There is nothing more terrifying than losing control of your own body and mind.While it may be difficult to imagine such a thing happening, this loss of control is the bitter reality for those suffering from Parkinson’s disease— a progressive neurodegenerative disease that oftentimes has no definite cause and has little to do to a person’s health before onset.
Researchers and medical professionals have tried to identify the causes of Parkison’s and develop effective treatments, yet these attempts have been largely fruitless.
Clinically, Parkinson’s is characterized by the widespread death of dopamine-producing cells in the substantia nigra, a region crucial for regulating and modulating movement, reward, and executive functions. Parkinson’s Disease is also associated with an excessive amount of alpha-synuclein, a protein involved in neuron signaling and neurotransmitter release.
The primary symptoms include executive dysfunction, uncoordinated and limited movement, psychosis, and depression. Parkinson’s researchers have put forward a number of explanations, or rather, risk factors for the development of the disease, such as oxidative stress, exposure to chemical agents like manganese ions and the pesticide paraquat, as well as hereditary predispositions and traumatic head injuries.
Though these factors have been linked to the onset of Parkison’s, none of them can decisively predict the disease.
In the 1960s, the fight against Parkinson’s saw a bright first step with the development of L-dopa, a chemical precursor to dopamine, the key neurotransmitter absent in those afflicted. Initial trials for L-dopa showed great promise, and the drug is still used today in managing Parkinson’s, whose prior treatments consisted mostly of supportive and palliative care or perplexing surgical techniques.
However, L-dopa is far from perfect, and continued use more often than not leads to various complications, some of which are just as hard to manage as Parkinson’s itself.
The dopamine analogue drugs that were introduced following L-dopa. were also found to create a variety of unpleasant and unpredictable side effects.
The field of Parkinson’s research is long overdue for a step forward, and researchers at the University of Copenhagen have put forth the effort in that direction.
During normal signaling and brain function, cells in the brain’s substantia nigra produce dopamine, which is then transported to the pedunculopontine nucleus (PPN), a command center containing glutamatergic neurons responsible for maintaining and executing locomotor functions.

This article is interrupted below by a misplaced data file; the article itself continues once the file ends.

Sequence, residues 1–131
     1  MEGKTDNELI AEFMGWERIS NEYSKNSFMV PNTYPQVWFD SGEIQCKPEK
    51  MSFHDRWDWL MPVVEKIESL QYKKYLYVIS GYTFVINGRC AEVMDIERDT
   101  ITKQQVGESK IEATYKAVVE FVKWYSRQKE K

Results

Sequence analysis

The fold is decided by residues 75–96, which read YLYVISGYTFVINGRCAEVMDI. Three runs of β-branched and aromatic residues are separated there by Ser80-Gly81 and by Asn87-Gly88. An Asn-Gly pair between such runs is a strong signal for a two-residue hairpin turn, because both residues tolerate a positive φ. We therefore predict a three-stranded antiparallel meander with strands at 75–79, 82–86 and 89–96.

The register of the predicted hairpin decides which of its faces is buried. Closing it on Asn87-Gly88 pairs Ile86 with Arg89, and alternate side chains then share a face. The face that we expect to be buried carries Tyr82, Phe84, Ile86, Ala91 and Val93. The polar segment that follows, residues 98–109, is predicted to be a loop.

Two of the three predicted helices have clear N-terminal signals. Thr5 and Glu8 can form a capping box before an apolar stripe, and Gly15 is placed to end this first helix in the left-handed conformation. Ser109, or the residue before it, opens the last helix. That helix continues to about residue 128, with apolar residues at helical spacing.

In Parkinson’s, the cell death in the basal ganglia severs this chain of communication, with the PPN unable to receive the necessary neurotransmitters to carry out its functions. Based on this observation, the aforementioned surgical techniques relied on using deep brain stimulation (DBS) to stimulate the PPN, which led to mixed results.
The Copenhagen study, however, delved deeper into the PPN than just stimulating the PPN by identifying the three crucial cell types that comprise it: GABAergic, cholinergic, and glutamatergic cells.
Using techniques drawing from earlier DBS methodology, the researchers identified that mice with Parkinson’s disease demonstrated measurable improvement in locomotor functions when subjected to a highly specific type of DBS that targeted glutamatergic excitatory neurons in the caudal region of the PPN.
These mice, previously stumbling constantly and unable to maintain their balance, were able to walk with restored balance and speed following treatment while showing no symptoms of Parkinson’s.
The improvement in this novel and high-precision procedure was never seen in older methods of DBS, which are never able to fully restore all aspects of locomotor functionality.
“We use a technology to target specific groups of cells in the PPN in order to close in on what areas are the best to stimulate, if we want to alleviate these particular symptoms. The result shows that the motor improvement is optimal, if we stimulate what we call excitatory neurons in the caudal area of the PPN,” Ole Khein, PhD, a Professor of Integrative Neuroscience at the University of Copenhagen, explained in a press release.
“We believe that clinical trials with brainstem DBS are the right strategy to facilitate patients to walk properly again. But the variable clinical results occur, because DBS would require higher precision to target the particular group of neurons in the caudal PPN. It is a very delicate area, because if we were to stimulate excitatory neurons in other areas than the caudal PPN, it would cause complete immobilization instead,” added Khein.
Overall, the researchers behind this project believe that their findings can serve as the base for a new approach to treating Parkinson’s, albeit with significantly more research and familiarization with the mechanisms behind the disease.
“We believe that clinical trials with brainstem DBS are the right strategy to facilitate patients to walk properly again. But the variable clinical results occur, because DBS would require higher precision to target the particular group of neurons in the caudal PPN,” Debora Masini, PhD, a postdoctoral researcher at the Department of Neuroscience and Pharmacology at the University of Copenhagen, said. “We systematically compared stimulation of different locations and cell types in a series of complementary experiments. And they all pointed towards the same conclusion. It strongly indicates these excitatory neurons in the caudal PPN are an ideal target for recovery of movement loss,” she added, defining her vision for the focus that future research on Parkinson’s should follow.
Parkinson’s has been a longstanding challenge for medical researchers, but the work done by these researchers demonstrates an optimistic step forward and drive to think innovatively while drawing on what we’ve learned in the past.
~ Dimitri Lin ’25